Indiana Tech turns out to have a reason for this move: ABA accreditation. According to scam-dean Cercone, the ABA intimated that Indiana Tech was insufficiently selective: its "admission standards going forward needed to be more in line with standards for other new law schools". Cercone concluded that a "stronger … student profile" would favor accreditation.
But Indiana Tech cannot bet the farm on a three-point increase in median LSAT score. Right after its failed bid for accreditation, it brought in a scamster named John Nussbaumer as its "new Associate Dean for ABA Accreditation and Bar Preparation". Nussbaumer went to Indiana Tech with "31 years of full-time faculty experience at Western Michigan University Thomas M. Cooley School of Law, including 18 years in senior academic leadership positions".
Now, Nussbaumer wasn't hired for his ability to dot every i and cross every t on the application. No, two other notable factors got him lured away from his sinecure at Cooley. First, he has experience in winning accreditation for other law schools: "[h]e has appeared more than a dozen times before the ABA Accreditation Committee and Council of Legal Education, helping lead successful efforts to secure provisional and full approval for three different law school branch campuses" (presumably a reference to Cooley). Second, and undoubtedly more important, he is an insider in the ABA accreditation scam:
He has served as a member of the ABA Section of Legal Education Diversity Committee, and he is currently a fact-finder and site inspection team member for the ABA Accreditation Committee. He has worked collaboratively on accreditation issues with the staff of the ABA Managing Director’s Office, including Managing Director Barry Currier, and has also worked on accreditation issues with the ABA House of Delegates, the ABA Standards Review Committee, the U.S. Department of Education, and the Congressional Black, Hispanic, Asian Pacific, and Progressive Caucuses.With its hired gun Nussbaumer, Indiana Tech can be expected to—ahem—procure accreditation just in time for the graduation of its inaugural class. But how much is this costing the parent university?
A few years ago, when the building of this law school was announced, Indiana Tech University had a $40M endowment. I conservatively estimate outlays of $6M per year for the law school. (If the average salary is $100k and other charges such as benefits and payroll taxes add half of that, the 28 employees cost $4.2M per year.) Had the law school succeeded at bringing in 100 students in each class and maintaining its annual tuition at $30k, by now it would have been reaping $9M per year in income. Discounts on tuition would have reduced that figure, but the theoretical annual surplus of $3M could have made up for many discounts, shortfalls in enrollment, and other deficiencies.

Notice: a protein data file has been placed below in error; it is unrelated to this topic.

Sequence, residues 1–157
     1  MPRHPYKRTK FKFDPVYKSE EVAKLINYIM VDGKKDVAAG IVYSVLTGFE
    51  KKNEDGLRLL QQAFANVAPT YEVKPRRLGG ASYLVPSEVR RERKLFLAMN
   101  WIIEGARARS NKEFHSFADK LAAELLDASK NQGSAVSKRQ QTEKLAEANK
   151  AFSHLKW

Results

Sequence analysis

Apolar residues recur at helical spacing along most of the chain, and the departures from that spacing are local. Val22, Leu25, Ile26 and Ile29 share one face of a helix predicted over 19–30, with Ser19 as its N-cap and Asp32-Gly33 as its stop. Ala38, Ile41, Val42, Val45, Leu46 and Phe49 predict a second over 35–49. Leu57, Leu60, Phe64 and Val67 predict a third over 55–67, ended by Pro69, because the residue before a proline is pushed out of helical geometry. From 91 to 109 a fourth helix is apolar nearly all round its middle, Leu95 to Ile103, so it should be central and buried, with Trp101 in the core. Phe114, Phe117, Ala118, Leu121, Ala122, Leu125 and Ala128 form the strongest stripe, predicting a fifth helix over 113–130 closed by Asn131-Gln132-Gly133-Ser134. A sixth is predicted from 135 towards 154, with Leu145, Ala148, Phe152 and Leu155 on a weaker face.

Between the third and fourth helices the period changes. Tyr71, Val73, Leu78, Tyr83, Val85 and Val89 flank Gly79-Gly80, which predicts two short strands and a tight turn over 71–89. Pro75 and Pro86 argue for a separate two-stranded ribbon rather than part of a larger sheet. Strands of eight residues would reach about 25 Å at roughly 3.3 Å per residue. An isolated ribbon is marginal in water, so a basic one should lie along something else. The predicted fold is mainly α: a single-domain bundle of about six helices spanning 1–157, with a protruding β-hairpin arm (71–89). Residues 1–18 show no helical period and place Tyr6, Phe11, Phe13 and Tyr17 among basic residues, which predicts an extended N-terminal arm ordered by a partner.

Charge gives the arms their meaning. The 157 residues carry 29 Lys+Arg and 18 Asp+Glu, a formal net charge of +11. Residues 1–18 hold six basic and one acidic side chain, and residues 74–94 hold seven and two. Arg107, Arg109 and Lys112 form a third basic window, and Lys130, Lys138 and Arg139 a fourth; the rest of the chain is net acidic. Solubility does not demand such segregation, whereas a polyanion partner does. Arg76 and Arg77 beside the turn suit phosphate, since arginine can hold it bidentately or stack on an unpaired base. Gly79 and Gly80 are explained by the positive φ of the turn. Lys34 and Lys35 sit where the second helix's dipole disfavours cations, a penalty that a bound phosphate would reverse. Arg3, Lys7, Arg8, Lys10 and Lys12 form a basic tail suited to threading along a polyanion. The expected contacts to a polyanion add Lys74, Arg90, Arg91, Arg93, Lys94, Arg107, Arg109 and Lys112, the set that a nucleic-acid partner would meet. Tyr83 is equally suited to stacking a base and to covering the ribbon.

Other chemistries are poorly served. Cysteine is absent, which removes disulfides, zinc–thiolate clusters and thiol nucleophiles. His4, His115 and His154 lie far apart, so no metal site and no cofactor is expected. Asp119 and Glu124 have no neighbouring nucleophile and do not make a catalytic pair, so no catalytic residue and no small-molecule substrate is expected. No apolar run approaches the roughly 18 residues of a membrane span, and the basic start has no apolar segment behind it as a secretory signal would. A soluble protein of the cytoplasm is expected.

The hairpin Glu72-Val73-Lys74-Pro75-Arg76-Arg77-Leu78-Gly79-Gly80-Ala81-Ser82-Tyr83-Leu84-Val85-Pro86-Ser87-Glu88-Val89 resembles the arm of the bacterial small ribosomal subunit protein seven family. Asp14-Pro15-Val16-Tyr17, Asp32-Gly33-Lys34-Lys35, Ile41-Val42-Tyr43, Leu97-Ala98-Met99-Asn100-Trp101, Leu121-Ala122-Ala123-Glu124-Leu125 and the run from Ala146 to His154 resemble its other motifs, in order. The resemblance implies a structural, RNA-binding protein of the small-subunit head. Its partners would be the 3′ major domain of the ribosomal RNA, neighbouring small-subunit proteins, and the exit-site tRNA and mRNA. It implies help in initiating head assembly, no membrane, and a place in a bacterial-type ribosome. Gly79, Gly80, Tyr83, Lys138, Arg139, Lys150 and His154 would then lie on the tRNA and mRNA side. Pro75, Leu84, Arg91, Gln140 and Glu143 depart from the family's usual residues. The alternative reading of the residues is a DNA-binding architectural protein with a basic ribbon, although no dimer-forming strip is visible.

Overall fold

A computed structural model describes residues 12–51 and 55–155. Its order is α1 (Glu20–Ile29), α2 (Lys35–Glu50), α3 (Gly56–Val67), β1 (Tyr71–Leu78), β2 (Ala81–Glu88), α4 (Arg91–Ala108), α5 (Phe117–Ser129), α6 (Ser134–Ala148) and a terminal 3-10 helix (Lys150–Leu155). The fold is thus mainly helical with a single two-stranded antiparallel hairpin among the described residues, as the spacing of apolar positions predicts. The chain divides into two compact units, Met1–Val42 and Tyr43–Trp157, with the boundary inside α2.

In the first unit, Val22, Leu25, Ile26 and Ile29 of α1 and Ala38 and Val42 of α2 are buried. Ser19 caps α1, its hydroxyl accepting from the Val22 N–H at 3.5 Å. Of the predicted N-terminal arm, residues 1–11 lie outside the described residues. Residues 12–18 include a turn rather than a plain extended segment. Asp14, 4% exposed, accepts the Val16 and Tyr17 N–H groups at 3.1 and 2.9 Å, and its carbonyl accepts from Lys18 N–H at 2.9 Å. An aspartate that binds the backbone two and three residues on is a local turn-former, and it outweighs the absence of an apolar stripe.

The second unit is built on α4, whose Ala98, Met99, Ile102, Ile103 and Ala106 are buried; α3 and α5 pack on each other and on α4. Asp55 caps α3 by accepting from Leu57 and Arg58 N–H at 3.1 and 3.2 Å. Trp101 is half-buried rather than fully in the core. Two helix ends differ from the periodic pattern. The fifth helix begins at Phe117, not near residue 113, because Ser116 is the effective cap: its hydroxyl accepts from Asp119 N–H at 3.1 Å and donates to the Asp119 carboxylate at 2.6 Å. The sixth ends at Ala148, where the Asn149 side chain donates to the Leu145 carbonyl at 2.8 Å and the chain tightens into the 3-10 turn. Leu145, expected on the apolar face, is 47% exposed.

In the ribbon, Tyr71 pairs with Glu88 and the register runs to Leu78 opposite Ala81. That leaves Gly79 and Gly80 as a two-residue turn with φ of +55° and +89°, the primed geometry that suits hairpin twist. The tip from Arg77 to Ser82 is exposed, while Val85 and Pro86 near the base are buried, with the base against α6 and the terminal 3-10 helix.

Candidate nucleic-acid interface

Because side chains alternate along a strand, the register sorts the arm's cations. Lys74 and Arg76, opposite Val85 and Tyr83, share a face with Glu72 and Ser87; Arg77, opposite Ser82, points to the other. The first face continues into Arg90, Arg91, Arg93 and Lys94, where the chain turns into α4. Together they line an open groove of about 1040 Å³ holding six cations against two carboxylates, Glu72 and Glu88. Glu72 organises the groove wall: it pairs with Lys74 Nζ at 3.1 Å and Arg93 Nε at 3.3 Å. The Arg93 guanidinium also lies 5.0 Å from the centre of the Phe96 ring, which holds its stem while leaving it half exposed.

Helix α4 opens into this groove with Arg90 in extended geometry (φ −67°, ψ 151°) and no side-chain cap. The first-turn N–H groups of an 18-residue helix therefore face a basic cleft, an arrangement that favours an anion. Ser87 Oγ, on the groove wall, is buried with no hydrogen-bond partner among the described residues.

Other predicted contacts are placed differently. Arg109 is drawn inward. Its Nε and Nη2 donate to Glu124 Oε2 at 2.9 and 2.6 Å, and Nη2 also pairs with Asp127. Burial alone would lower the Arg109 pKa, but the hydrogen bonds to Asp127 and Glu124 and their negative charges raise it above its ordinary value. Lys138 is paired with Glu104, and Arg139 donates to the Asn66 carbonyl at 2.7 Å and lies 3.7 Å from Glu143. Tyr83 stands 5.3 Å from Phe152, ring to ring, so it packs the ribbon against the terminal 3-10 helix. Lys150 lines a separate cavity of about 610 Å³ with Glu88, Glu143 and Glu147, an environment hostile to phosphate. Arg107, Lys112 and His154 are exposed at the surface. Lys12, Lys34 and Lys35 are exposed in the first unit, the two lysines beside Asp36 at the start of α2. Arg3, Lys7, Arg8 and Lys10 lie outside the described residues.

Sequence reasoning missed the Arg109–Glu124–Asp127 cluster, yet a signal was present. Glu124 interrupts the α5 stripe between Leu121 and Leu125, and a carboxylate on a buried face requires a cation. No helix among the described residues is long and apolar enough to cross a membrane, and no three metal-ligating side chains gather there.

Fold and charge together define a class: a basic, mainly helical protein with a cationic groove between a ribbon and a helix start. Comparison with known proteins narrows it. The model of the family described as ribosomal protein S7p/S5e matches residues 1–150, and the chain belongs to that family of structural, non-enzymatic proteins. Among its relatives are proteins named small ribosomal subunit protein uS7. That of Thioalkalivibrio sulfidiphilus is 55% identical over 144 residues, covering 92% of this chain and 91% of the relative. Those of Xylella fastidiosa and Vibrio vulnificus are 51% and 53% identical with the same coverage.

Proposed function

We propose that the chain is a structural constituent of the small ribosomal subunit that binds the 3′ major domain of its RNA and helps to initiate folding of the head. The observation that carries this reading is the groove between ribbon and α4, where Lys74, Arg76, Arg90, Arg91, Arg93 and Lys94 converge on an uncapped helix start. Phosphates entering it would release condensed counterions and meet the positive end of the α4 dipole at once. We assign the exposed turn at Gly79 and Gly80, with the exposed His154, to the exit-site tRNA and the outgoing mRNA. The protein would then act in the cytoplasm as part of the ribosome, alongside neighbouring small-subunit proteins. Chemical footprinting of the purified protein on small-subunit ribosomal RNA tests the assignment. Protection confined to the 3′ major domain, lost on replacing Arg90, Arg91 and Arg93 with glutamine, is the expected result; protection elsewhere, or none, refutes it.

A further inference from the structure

In its first year, Indiana Tech was quite stingy with discounts. Only one person got half of tuition waived, and his "discount" actually exceeded tuition. (I'm willing to bet that he was Felts, the boy who on Indiana Tech's Web site posed in an unprofessional orange-yellow necktie and announced that people should "certainly" attend Indiana Tech on the advice of a local judge—without mentioning the significant fact that that judge happened to be his father.) So probably the people who approved the establishment of the law school calculated that the thing would break even at 75 students per year (¾ of the anticipated 100), maybe even fewer, and that in any event the university would cover any shortfalls for the first five or six years.
Instead, total enrollment has not yet come close to the figure anticipated for the first class alone, and tuition is now at zero. The university must be covering just about the entire cost of operating its toilet law school—not to mention the cost of two bids for ABA accreditation. That's one hell of a drain on an endowment that several years ago stood at $40M. And the rest of the university depends on that endowment, too.
On top of all that, the university now has to pay for an "Associate Dean for ABA Accreditation and Bar Preparation" who was approaching retirement from a cushy job at Cooley. For how long can the university afford to sustain its financial sinkhole of a law school? The endowment must be badly depleted, and the law school won't be viable even if (rather, when) it becomes accredited. Expect this toilet to be flushed once and for all within two or three years.
Thanks to Dybbuk for much of the information that inspired today's article.